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A life that is unscripted leaves room for complete freedom of expression and authenticity in every moment.  Everything becomes potentiality.  Because to be unscripted is to be free of time.  It is to live in the here and now.  Eckhart Tolle says, “to be free of time is to be free of the psychological need of the past for your identity and future for your fulfillment.  It represents the most profound change of consciousness that you can imagine.”  Imagine being free of psychological time.  Tolle makes a distinction between what he calls “psychological time” and “clock time”.  To be free of psychological time allows us to live unscripted – embracing each moment as ‘new’ and unburdened by our past identities and future goals and imaginings.  Free to just ‘be’.  Tolle calls this “presence”.  He says, “there is no salvation in time.  You cannot be free in the future.  Presence is the key to freedom, so you can only be free now.”

Sometimes it really helps to have a role model for what presence looks like.  I did.  In the mid-1980s after studying English Literature and Humanities at York University in Toronto and Concordia University in Montreal and finding myself influenced by Robertson Davies’ Deptford Trilogy to read some of the work by Carl Jung  –  I decided that if I found the right psychotherapist that I would explore Jungian therapy as a way to jettison the traumas of my childhood.  Fortunately for me, I discovered a therapist who embodied presence.  Unscripted.  I then began my Jungian exploration toward being available to myself and others in the present moment .  For me, at that time period, Jungian therapy and classical hatha yoga training became my predominant modes of my journey toward freedom from psychological time.

It is not easy, for most of us, to live unscripted.  It is not something that is encouraged, at least not in North America.  Tolle tells an interesting anecdote in his book THE POWER OF NOW about a conversation that Carl Jung had with a native American chief.  This chief… “pointed out to him that in his perception most white people have tense faces, staring eyes, and a cruel demeanor.  He said: ‘They are always seeking something.  What are they seeking?  The whites always want something.  They are always uneasy and restless.  We don’t know what they want.  We think they are mad.’  ” (p.75)  It seems to me that we are encouraged to stay ‘on script.’  Tolle states –  “Resistance to the Now as a collective dysfunction is intrinsically connected to the loss of awareness of Being and forms the basis of our dehumanized industrial civilization.”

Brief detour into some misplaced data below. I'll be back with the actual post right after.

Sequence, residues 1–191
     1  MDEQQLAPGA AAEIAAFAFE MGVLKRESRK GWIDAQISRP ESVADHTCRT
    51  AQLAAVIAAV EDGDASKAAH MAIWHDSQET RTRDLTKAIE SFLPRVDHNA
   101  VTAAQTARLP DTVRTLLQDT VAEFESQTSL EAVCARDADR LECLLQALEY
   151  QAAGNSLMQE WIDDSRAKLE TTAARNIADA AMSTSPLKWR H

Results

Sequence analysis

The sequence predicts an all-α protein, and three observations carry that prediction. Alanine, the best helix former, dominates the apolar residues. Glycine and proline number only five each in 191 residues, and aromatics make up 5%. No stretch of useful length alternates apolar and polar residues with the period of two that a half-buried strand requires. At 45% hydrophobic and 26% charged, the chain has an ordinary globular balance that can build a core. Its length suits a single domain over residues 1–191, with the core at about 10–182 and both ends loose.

Fortunately, we can change.  The first step is to realize that we are not fully aware and present in every moment.  We are usually reacting rather than just ‘being’ or responding.  Often we are in a state of  automatic pilot.  First of all, we need to become fully conscious of this – realizing that we have become caught in a time-warp, and hence are not in the current moment.  We need to become excellent observers.  Monitoring ourselves for the many ways tension and dis-ease  arises in us as a reflection of our refusal to just ‘be’ in the moment.  Unfettered by the past and unburdened by an imagined future.  Our denial of what ‘is.’   Our denial of the here and now.

There are so many ways to practice being present.  One of my ways is my daily hatha yoga session.  What are yours?  We need to make it a daily habit to monitor our own emotional and mental states and to pay attention to what is going on inside us.  What are our thoughts?  What are our feelings?  The inner produces the outer.  Always.   When we resist what is happening NOW, we are avoiding our point of power – because it resides in the present moment.  Freedom to be aware, to change and to create anew.

Living unscripted is a choice – as is everything.  Living unscripted is challenging for most of us raised in North America; however, it leads to our freedom and the acceptance of our unlimited potential.  Our whole self.  To accept the moment is our personal power point in our manifestations.  Freedom to own our responsibility for our choices and to relax and enjoy or accept what is – OR to speak our truth and change anything that is not working in our lives.  Freedom to choose.  Again and again.  That, to me, is unscripted.

Love & Light,         Monica

Join the discussion 2 comments

  1. Hayley January 23, 2014 at 4:57 pm Reply

    Thanks for the latest blog! I hope to become less and less scripted with practice, thanks for sharing your experiences with unscripted living.

  2. Christine January 23, 2014 at 7:29 pm Reply

    To live an unscripted life sounds like FREEDOM to me, it is one and the same.
    Years ago when I went to Present Moment Meditation classes, we just sat and meditated together for 1 hr, and then talked afterwards to discuss our experiences . I remember realizing then that I am totally in the Present Moment when I do my work. When I am with my clients, all I’m thinking of is “that moment” totally absorbed in what I feel, see and hear. No wonder it gives me such pleasure to work. I am so very lucky.
    Excellent Blog. Thank you M.

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